This is an idiom and most of us understand what it means; you should try to understand someone before criticizing them.
It came to mind this weekend, whilst thinking about our life in the current times. It seems to me that everyone I know is experiencing a different Covid; a uniquely personal covid. You have been furloughed, you are a key worker, you have kids, you don’t have kids, you have outdoor space, you like in a small flat, you live with people, you live on your own. These personal differences are now magnifying the different experiences everyone is experiencing.
The thing is we think we are all in this together (which is true) but in my opinion that statement doesn’t represent the whole picture.
As some said to me earlier:
“We are all in the same storm but we are not on the same boat”.
Yes, we are all living in this challenging time, but we are all dealing with it differently and this leads to us all have opinions about what the best course of action is. It also means we can jump to judge others for acting in a way we might not.
The person not wearing the mask in a supermarket, the young people meeting up, the mother having to go to work even though she should be isolating. Here in Wales, I found myself commenting (in a negative way) about the many that went shopping for Christmas presents after we moved into Tier 4 on the 19th December. (I’d luckily finished my shopping the day before.)
At first glance we might think these actions are reckless, but they might be so desperately needed. How do we know the position of others?
This passed week several acquaintances have had to start home schooling their children. In talking to one of the mums I’ve realized I’m more judgmental than I’d like to be and I really don’t consider others enough.
The ‘super-star mum’ is amazing, not only is she great at her job she also runs the family home of 6 people. She was doing OK with covid, in fact more than OK, she was working her way through it brilliantly, but this last challenge (home schooling) is currently getting the better of her.
Describing how her anxiety was increasing by the day I started to understand the pressure she was putting on herself to do everything. She was trying to fit everything in like nothing had changed. Working full time, home schooling two children (a primary and a secondary child), supporting others, keeping house.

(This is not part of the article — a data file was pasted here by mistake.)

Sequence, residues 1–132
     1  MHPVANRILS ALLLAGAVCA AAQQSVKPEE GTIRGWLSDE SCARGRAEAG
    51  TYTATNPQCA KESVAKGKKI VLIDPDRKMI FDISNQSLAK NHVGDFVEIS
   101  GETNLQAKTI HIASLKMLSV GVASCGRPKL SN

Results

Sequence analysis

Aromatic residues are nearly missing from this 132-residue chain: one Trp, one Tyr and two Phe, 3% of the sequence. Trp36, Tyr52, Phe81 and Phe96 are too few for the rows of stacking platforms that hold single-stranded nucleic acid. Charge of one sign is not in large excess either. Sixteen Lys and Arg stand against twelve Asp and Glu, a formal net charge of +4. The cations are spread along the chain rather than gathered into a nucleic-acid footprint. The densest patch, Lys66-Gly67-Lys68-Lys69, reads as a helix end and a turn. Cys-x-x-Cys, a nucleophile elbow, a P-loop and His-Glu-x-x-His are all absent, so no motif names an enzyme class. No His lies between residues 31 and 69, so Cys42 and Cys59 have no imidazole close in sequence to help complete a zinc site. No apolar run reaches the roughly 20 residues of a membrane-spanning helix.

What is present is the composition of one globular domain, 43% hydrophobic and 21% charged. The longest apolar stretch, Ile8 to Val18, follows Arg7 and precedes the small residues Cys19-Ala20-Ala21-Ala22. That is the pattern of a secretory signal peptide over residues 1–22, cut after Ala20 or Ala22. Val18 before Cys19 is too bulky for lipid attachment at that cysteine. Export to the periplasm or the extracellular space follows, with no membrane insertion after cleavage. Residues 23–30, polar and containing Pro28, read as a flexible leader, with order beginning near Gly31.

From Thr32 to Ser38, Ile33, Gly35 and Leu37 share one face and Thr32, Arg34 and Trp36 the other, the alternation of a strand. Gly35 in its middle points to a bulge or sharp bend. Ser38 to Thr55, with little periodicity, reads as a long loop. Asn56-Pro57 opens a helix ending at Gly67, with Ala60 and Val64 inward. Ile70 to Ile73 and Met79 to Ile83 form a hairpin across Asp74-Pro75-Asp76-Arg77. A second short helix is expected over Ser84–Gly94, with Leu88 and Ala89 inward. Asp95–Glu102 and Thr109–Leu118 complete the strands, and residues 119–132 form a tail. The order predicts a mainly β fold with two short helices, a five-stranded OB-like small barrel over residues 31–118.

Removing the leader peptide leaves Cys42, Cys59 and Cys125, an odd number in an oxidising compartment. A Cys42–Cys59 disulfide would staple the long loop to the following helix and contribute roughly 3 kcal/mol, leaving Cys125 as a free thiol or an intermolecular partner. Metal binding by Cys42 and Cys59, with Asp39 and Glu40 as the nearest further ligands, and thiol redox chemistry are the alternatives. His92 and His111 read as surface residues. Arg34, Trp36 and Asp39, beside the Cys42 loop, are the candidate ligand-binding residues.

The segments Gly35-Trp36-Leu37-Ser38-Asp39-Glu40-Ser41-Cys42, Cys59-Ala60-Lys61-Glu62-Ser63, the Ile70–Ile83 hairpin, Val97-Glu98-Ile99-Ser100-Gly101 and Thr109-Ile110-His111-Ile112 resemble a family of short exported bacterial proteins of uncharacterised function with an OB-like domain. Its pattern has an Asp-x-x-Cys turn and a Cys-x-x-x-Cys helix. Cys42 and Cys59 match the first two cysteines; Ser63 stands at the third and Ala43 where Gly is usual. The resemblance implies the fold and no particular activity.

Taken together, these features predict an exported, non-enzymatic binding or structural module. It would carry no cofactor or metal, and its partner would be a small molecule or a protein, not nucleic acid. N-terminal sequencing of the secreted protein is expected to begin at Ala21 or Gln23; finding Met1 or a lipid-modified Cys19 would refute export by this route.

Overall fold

When we chatted more about the frustrations and challenges of the situation it became clear she felt probably like many others that she had no choice. She could not win. There was no good solution. She felt a little helpless. She couldn’t do it all. Trying to do everything was stretching her too thin across all aspects of her life.
My dad has a saying “You can only do your best. If you do your best everyday no one can say anything to you.”
As I said to my super star mum, we need to stop putting pressure on ourselves. Stop thinking we must do it all. Stop thinking people are judging us. We are not superheroes. There is a limit to our ability, our NRG and we all need to recognize this in ourselves.
The thing is, when you accept this fact, we start to see thing a little more clearly and we can make small steps towards easing the pressure and stress.
If you are feeling a little overwhelmed, anxious or stressed recognize the signs and then
Try to take a step back.
Accept how you are feeling.
Ask yourself “am I doing my best?”
Know yourself and your resources. What else could you do? How else could you tackle the problem.
Talk to others and see if they can suggest alternatives.
Make a choice, a decision to be positive (even about the smallest success)
Finally, remember this situation is temporary. We will move on from this time. The secret is to look up and keep moving forward.
Please don’t forget you can reach out and talk to me if you need any support.